I just read something I identify with so much that I don’t know what to do
Posted On August 6, 2016
So this is probably going to sound weird.
I read a post. And, Good Lord, I just absolutely 100% get it. It totally encapsulates all the stress I am feeling right now.
Running an Assistance Dog charity is, frankly, a nightmare (“service dog” in England would mean a police or customs dog etc., the term doesn’t translate from the US). I knew it would be stressful. Dog people are stressful. Assistance Dog people are a whole other kettle of fish.
I expected to be stressed. But I am struggling to cope of late, because of scenarios similar to the ones that the article describes.
And I haven’t even started formal training with anybody yet! I have thus far only offered cursory advice, we’ve been waiting for funding (which we unfortunately just got turned down for – another source of stress).
Even at this point in the charity’s development, I’ve already encountered people who are just not suited to having an Assistance Dog.
As well as being a trustee, I for some reason thought it was a brilliant idea to make myself the applicant assessor. This was inspired by the good time I had with the applicant assessor at Canine Partners on one of my assessment days there. I thought, what a great job, meeting all these people, watching them work with their dog and deciding how to go forward. Needless to say, this experience has not translated thus far.
Mainly, people just refuse to follow instructions. We need to be accredited with ADI and ADEu (then, in seven years time, ADUK) and so we have to follow their guidelines all the time to avoid scuppering our chances. We need accreditation to fully ensure the rights of our partnerships, instead of operating in the “vague areas” that the law doesn’t explain properly.
Quite a few times already, when explaining the steps of the programme in email replies, I get “Don’t worry about that, we’re going to do such-and-such,” and “Oh don’t worry, we’re going to make sure the dog is socialised, ourselves.” No, buddy, I need to be able to verify what the hell you are doing. I am not going to have your dog bite somebody in Sainsbury’s in two years time, while wearing a jacket with my logo, because you refused to follow my instructions.
I fired an applicant recently for being such an arse. He was a 40-something head of his own consulting firm, and made it increasingly apparent that he was not happy with a late-twenties disabled woman telling him what to do. He refused instructions and even told me that some commands for dogs should just not exist.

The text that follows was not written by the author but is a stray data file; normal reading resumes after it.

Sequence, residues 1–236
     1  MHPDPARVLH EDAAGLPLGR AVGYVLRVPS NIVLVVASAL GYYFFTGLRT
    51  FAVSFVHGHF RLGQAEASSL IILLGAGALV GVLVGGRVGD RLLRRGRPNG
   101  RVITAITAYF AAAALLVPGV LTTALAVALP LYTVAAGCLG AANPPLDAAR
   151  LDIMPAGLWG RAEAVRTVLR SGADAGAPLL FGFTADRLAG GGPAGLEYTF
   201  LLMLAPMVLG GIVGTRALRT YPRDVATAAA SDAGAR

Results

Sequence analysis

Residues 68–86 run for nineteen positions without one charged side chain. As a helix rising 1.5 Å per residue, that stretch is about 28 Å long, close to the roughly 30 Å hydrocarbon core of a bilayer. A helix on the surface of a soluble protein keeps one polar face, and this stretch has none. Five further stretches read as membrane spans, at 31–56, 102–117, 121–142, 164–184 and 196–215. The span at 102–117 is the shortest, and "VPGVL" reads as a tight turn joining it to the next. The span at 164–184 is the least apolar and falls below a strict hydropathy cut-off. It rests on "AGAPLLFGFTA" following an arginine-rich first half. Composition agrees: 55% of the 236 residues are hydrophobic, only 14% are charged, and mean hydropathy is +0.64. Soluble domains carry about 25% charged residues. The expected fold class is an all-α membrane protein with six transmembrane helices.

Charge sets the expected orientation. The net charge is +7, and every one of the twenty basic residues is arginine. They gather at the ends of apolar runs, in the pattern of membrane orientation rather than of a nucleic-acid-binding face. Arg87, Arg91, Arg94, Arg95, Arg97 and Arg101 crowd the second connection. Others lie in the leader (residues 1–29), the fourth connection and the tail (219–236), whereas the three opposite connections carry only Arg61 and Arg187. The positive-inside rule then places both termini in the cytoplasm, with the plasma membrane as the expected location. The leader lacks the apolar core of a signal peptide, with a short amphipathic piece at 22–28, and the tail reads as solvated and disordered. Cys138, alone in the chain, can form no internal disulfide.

I’ve had an applicant write a GP surgery on their application, that didn’t know anything about them when I wrote to them. One applicant, I’ve had to send the form to literally three times. It kept “getting lost” on return, and the only times it did “turn up,” it just included the vet reference information, not the medical reference or the main application form.
JUST FOLLOW INSTRUCTIONS, PEOPLE.
I am the person with superior knowledge and experience, in this scenario. You are the one applying to the programme, that I run. You are expecting me to spend my charity’s money on you and your dog. That means that I give instructions to you, not the other way around.
I’ve had people not wanting to insure their dogs. People not wanting give vaccinations. People not wanting to give any actual assistance training, thinking I’d somehow agree to put on paper that their dog is trained so that they can move house with it.
I’ve had people with dog-on-dog-aggressive animals wanting them to become Assistance Dogs. I’ve had people ask “Are you sure there’s no other way?” literally 15 times in 15 different emails, each time I’ve told them, plainly, that they are not suitable for the programme because of the ridiculous things they want.
I set up this charity because I wanted to help people. I went through so much pain when there wasn’t a training space for Freya with one of the existing charities. I’ve got the room to apply for a whole new dog, so I’m lucky.
Most disabled people can’t do that. Most disabled people already have a dog that would do just fine, if only there was a training space for them. That’s only in terms of mobility tasks.
There’s no owner-training for guiding dogs, hearing dogs, Autism dogs for adults, mental health Assistance Dogs, aside from at my charity, and it’s also hard to get an owner-training medical alerting place.
So far, I’ve spoken to an overwhelming number of people who are not deserving of the help I’ve been wanting to give. I’m sure there are good applicants out there, applicants who will later become partnerships we will have a good relationship with and be proud of. We just haven’t crossed paths.
Mostly I am getting people with attitudes very much like those in that article. I also probably don’t need to explain that I am very alarmed by the London family mentioned; the fact that they didn’t want to respect this country’s Assistance Dog system and instead bypassed it by buying a foreign dog, raises so many red flags. Though I suppose, in fairness, an American provider couldn’t be expected to know that.
So yes, it’s SUPER stressful.
But I hope that one day soon, it’s going to work out for us. We’ll have partnerships getting out to their local areas with their lovely dogs, and we’ll have the funds to buy their training aids and their rope tugs, and the train fare for home visits. I want to believe this will all be fine.
We do, however, desperately need funds in the charity PayPal account. Our bank account itself still is not sorted yet! But we do have PayPal so far, and I’ve finally listed the loop fob keyrings for sale.
We’re trying to think of sponsored things Kadek and me can do to generate initial money. Obviously a marathon is out of the question!